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Hurricane Irma To Devastate U.S., Says Emergency Management Agency

Unic Press UK: Hurricane Irma will cause lots of problem in the United States, the Federal Emergency Management Agency Administrator (FEMA) said.

“Obviously Hurricane Irma continues to be a threat that is going to devastate the United States, either Florida or the southeastern United States. This is a complex forecast. Anybody from Alabama to North Carolina should be watching this storm very closely. The forecast and direct impacts of this storm have yet to be determined because, one, it is a very powerful storm… We’re going to have a couple rough days,” the administrator of FEMA, Brock Long, said at a press conference Friday morning.

Long, the head of FEMA further warned that it was not a question whether the storm will hit the U.S., but how hard it would be and the degree of damage.

Hurricane Irma is currently racing towards Florida after leaving a catastrophe in the Caribbean islands. The forecast is that it will make landfall in Florida on Sunday. There are mandatory evacuations in some parts of Florida.

This powerful storm that has already caused the death of more than 20 lives across the Caribbean, is predicted to be one that will also create multi-billion dollar of insured losses, knock out power supply to millions of people, destroy private and public properties, adversely impacting on energy supplies, and so on.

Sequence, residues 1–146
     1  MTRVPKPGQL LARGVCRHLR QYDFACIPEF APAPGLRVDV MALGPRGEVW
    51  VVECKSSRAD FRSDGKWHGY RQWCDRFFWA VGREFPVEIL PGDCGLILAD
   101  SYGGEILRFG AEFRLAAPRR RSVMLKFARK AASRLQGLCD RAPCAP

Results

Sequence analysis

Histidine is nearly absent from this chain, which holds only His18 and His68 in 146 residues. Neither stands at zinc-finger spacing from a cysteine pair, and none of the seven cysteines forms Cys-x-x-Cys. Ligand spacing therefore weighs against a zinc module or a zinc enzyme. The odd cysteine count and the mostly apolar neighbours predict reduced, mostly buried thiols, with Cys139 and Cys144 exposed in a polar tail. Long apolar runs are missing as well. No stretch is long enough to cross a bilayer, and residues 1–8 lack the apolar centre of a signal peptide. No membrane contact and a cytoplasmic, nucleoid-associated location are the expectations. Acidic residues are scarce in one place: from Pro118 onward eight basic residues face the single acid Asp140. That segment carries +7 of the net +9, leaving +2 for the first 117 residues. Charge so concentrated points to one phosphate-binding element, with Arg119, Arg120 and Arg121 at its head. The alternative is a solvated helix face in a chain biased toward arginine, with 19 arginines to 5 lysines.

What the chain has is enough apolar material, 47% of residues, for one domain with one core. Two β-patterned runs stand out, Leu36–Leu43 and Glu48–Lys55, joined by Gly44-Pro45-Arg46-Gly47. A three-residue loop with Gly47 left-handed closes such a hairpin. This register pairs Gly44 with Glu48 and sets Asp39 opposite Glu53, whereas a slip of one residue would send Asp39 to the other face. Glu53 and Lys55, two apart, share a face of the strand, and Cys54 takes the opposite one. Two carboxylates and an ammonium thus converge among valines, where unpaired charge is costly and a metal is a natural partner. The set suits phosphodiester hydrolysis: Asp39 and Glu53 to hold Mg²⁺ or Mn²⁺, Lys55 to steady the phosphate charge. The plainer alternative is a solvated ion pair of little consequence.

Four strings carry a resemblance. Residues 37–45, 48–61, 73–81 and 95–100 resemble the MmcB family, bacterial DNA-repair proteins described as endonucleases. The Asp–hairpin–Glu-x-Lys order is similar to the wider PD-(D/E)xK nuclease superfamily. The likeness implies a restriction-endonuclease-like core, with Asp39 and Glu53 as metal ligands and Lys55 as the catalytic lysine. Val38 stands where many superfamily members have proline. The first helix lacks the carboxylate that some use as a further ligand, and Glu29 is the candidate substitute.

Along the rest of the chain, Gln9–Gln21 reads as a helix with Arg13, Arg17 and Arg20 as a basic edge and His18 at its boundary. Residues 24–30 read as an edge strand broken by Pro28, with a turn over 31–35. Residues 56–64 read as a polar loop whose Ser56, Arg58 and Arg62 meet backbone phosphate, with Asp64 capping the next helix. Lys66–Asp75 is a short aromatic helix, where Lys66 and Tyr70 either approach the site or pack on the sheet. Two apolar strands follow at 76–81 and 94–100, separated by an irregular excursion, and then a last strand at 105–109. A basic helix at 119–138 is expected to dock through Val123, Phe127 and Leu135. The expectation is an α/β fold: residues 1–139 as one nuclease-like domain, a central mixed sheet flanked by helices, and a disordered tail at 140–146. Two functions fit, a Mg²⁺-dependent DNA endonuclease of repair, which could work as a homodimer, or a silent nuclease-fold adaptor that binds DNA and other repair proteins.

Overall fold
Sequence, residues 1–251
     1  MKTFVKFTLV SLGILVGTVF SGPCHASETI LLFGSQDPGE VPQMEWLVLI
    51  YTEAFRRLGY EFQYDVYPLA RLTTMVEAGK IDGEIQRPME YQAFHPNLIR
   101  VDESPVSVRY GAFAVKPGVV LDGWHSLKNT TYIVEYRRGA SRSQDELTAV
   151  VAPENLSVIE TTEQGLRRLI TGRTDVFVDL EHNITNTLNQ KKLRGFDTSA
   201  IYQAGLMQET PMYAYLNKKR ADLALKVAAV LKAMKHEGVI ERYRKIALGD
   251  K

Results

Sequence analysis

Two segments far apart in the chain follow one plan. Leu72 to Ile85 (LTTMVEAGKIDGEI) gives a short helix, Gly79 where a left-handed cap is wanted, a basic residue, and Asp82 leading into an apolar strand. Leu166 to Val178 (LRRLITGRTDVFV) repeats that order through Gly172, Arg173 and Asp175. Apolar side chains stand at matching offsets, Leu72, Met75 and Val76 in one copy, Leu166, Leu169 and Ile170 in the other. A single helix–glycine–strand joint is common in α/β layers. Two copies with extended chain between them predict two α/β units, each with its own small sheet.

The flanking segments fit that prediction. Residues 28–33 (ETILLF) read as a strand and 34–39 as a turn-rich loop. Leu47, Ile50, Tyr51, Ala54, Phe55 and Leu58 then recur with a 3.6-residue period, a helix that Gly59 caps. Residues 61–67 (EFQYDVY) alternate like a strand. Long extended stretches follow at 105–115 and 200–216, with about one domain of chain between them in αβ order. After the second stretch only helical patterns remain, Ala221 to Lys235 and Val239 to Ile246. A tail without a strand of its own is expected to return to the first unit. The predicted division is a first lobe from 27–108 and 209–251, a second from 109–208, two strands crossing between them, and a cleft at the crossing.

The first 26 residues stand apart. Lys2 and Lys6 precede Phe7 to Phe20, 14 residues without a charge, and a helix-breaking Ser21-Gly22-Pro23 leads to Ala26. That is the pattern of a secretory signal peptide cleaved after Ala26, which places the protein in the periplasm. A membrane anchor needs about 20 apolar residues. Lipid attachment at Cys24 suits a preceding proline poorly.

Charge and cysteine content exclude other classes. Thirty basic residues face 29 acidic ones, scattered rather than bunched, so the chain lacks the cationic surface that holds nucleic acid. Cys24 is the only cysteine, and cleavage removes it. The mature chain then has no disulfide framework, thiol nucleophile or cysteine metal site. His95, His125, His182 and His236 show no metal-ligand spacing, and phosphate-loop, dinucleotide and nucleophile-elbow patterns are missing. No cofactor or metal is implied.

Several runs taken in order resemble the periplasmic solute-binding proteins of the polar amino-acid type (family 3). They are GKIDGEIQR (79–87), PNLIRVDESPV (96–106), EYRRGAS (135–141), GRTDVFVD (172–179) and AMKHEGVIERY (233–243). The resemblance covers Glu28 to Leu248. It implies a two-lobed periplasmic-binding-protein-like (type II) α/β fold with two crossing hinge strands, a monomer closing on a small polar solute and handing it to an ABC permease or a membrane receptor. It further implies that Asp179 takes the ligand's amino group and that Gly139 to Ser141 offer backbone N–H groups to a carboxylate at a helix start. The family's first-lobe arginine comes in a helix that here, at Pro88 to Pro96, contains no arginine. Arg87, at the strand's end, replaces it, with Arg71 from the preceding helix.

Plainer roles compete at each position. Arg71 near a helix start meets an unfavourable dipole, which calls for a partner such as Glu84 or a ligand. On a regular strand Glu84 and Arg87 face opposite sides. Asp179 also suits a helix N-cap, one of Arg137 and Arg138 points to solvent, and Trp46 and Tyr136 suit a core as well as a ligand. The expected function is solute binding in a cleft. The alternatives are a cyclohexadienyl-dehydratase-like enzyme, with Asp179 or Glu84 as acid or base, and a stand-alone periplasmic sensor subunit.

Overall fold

About Hurricanes

“Hurricanes are among nature’s most powerful and destructive phenomena. On average, 12 tropical storms, 6 of which become hurricanes form over the Atlantic Ocean, Caribbean Sea, or Gulf of Mexico during the hurricane season which runs from June 1 to November 30 each year. In the Central Pacific Ocean, an average of 3 tropical storms, 2 of which become hurricanes form or move over the area during the hurricane season, which runs from June 1 to November 30 each year. Guam, the Northern Marianas and Micronesia experience typhoons all year round but the main season in July through November with a peak from mid-August to mid-September. Over a typical 2-year period, the U.S. coastline is struck by an average of 3 hurricanes, 1 of which is classified as a major hurricane (winds of 111 mph or greater). By knowing what actions to take before the hurricane season begins, when a hurricane approaches, and when the storm is in your area, as well as what to do after a hurricane leaves your area, you can increase your chance of survival.” [National Hurricane Center (NHC) website: 8 September 2017]

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